[Ermakov’s study also found] the crust’s density to be relatively low, closer to that of ice than rocks. However, a study by Dawn guest investigator Michael Bland of the U.S. Geological Survey indicated that ice is too soft to be the dominant component of Ceres’ strong crust. So, how can Ceres’ crust be as light as ice in terms of density, but simultaneously much stronger? To answer this question, another team modeled how Ceres’ surface evolved with time.

Ahuna Mons on Ceres, a mountain about 4 miles (6 km) tall, in a simulated view using NASA’s Dawn spacecraft images. This region on Ceres is associated with gravity anomalies, which helps scientists probe Ceres’ interior structure. Image via NASA/JPL-Caltech/UCLA/MPS/DLR/IDA.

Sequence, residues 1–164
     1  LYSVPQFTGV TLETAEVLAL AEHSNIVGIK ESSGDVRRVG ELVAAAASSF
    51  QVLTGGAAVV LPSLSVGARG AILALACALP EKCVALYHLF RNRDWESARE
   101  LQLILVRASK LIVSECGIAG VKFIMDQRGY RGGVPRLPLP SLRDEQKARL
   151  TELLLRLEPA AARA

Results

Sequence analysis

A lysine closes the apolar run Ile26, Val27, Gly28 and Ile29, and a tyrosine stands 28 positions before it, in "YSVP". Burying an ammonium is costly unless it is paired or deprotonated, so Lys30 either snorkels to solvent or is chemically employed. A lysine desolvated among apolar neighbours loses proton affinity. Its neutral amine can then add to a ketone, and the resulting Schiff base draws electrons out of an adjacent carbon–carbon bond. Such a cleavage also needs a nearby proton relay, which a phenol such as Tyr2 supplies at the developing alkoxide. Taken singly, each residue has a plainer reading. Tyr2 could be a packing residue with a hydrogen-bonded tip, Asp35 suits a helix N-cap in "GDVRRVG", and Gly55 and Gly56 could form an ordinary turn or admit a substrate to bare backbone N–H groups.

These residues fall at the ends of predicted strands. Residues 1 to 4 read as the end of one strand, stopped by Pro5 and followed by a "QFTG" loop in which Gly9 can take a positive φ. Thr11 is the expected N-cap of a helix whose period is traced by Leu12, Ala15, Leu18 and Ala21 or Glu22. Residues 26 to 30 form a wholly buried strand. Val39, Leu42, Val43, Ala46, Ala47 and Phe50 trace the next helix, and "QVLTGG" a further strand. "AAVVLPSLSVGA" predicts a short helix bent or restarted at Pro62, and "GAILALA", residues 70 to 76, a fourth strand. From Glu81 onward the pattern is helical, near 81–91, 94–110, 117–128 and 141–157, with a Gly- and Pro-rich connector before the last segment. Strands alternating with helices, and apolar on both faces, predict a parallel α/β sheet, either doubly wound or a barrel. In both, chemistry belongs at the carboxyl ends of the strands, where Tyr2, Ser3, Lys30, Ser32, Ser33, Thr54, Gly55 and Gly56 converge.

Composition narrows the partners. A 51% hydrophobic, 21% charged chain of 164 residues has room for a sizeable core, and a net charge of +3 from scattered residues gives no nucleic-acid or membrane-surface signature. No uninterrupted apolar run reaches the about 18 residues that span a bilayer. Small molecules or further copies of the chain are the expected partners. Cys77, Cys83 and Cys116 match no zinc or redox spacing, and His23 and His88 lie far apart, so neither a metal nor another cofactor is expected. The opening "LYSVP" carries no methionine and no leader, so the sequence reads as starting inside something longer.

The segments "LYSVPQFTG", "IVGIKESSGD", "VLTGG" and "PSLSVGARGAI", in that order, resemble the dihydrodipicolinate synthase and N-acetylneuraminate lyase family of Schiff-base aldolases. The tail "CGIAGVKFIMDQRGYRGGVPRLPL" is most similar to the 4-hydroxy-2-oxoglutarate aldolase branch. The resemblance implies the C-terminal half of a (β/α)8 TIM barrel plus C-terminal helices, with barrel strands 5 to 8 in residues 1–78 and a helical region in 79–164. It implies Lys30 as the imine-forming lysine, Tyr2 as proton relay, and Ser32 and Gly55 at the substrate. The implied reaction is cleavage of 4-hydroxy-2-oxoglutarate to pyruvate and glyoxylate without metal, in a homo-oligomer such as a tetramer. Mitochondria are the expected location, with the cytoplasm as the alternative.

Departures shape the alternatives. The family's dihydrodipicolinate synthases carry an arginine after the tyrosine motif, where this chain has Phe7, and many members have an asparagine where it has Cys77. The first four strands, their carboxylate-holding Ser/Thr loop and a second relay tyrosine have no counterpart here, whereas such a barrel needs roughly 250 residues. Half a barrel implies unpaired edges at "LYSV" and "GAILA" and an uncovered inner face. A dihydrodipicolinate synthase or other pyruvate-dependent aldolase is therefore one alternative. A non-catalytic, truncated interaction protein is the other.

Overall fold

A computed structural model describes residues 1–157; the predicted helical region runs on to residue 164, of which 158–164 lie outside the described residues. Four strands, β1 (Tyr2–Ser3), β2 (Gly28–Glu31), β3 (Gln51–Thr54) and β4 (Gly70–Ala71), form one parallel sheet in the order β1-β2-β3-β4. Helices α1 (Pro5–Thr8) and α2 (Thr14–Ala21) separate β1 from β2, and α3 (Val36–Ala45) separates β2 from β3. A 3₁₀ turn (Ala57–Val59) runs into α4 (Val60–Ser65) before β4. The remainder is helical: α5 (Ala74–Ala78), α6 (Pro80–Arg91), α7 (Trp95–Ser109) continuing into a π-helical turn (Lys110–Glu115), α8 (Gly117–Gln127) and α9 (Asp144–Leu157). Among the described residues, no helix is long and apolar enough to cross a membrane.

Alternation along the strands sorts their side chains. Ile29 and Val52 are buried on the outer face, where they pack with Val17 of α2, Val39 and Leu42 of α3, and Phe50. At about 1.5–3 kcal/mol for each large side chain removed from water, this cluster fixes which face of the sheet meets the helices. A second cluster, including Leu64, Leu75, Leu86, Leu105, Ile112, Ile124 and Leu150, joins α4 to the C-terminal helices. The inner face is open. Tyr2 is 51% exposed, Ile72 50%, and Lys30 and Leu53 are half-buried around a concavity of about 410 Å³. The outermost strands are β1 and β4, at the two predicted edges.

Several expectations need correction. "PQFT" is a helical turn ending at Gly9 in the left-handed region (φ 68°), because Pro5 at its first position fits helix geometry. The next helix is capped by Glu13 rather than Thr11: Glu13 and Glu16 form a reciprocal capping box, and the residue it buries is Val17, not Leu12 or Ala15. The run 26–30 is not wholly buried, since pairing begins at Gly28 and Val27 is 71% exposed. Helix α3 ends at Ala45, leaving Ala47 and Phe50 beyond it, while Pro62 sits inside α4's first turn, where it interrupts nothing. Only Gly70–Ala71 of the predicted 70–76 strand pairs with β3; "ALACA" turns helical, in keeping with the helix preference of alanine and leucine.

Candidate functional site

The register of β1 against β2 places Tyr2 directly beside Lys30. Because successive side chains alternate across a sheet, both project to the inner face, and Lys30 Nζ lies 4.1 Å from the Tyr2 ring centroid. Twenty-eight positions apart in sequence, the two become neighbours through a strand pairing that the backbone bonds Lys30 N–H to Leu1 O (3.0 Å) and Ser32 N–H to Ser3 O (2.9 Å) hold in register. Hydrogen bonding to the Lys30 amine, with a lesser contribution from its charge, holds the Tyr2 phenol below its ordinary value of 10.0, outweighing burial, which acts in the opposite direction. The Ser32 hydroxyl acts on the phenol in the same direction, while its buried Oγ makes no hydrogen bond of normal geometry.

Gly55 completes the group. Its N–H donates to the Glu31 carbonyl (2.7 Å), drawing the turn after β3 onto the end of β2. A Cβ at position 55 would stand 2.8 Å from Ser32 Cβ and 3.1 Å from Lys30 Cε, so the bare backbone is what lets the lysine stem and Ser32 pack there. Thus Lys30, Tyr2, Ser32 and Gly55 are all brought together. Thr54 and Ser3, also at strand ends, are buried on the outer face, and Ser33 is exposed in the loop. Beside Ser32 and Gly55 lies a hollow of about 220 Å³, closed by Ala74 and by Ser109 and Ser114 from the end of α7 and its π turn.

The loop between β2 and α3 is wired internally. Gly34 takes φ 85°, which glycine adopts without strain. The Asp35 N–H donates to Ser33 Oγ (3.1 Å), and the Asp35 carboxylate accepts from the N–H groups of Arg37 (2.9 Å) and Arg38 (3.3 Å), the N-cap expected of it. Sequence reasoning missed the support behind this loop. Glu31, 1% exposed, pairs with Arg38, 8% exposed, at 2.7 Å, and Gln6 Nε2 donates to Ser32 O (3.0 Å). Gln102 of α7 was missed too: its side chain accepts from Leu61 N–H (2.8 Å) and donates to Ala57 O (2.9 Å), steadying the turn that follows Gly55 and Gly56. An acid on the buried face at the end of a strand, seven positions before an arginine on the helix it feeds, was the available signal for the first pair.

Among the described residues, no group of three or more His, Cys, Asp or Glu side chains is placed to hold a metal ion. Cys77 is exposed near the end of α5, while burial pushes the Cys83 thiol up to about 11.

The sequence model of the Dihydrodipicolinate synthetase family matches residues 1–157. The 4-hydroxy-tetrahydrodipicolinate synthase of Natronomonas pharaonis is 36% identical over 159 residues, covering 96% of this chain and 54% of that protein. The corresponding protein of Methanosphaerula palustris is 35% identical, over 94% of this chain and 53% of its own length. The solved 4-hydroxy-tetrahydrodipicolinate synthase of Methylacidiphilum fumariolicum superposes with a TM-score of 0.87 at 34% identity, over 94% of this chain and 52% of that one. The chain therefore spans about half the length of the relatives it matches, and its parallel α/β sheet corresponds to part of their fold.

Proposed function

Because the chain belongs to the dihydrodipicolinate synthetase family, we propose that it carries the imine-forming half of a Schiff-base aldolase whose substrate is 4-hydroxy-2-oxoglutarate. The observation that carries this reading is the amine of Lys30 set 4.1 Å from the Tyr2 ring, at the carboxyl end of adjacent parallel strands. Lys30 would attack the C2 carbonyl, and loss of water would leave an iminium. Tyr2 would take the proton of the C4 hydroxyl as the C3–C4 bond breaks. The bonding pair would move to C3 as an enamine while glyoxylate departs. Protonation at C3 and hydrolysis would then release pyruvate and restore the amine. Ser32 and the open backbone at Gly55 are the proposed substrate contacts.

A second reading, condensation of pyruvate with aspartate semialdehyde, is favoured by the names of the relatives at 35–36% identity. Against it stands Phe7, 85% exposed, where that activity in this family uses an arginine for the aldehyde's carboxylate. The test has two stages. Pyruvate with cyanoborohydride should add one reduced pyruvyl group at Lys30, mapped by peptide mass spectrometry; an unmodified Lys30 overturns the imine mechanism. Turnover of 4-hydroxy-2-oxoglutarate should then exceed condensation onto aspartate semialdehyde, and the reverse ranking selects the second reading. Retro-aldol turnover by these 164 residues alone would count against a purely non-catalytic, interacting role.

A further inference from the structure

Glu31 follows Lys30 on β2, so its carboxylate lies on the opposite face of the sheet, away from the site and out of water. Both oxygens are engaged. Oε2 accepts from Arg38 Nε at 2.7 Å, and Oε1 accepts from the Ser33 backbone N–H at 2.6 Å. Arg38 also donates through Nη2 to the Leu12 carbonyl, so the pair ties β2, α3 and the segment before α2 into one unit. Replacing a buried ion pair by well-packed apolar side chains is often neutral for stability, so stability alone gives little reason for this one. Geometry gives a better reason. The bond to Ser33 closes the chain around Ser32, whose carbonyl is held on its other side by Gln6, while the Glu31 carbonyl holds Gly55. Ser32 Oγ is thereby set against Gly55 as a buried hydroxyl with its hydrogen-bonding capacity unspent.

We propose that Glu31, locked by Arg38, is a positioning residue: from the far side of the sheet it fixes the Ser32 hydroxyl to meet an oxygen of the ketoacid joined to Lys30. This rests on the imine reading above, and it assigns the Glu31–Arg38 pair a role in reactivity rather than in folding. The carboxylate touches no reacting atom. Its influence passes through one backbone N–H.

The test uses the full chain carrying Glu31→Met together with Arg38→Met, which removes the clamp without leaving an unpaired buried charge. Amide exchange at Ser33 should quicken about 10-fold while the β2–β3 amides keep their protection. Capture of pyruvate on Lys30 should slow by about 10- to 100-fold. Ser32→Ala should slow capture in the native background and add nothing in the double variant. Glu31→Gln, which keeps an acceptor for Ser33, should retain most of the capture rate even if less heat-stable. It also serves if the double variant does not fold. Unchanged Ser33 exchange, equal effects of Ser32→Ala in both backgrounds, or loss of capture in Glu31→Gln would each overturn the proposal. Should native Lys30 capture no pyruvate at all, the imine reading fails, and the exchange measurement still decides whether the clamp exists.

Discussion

Roger Fu at Harvard University in Cambridge, Massachusetts, led this second study, which is published in the peer-reviewed journal Earth and Planetary Science Letters. It investigated the strength and composition of Ceres’ crust and deeper interior by studying the dwarf planet’s topography. NASA explained:

By studying how topography evolves on a planetary body, scientists can understand the composition of its interior. A strong, rock-dominated crust can remain unchanged over the 4.5-billion-year-old age of the solar system, while a weak crust rich in ices and salts would deform over that time.

By modeling how Ceres’ crust flows, Fu and colleagues found it is likely a mixture of ice, salts, rock and an additional component believed to be clathrate hydrate. A clathrate hydrate is a cage of water molecules surrounding a gas molecule. This structure is 100 to 1,000 times stronger than water ice, despite having nearly the same density.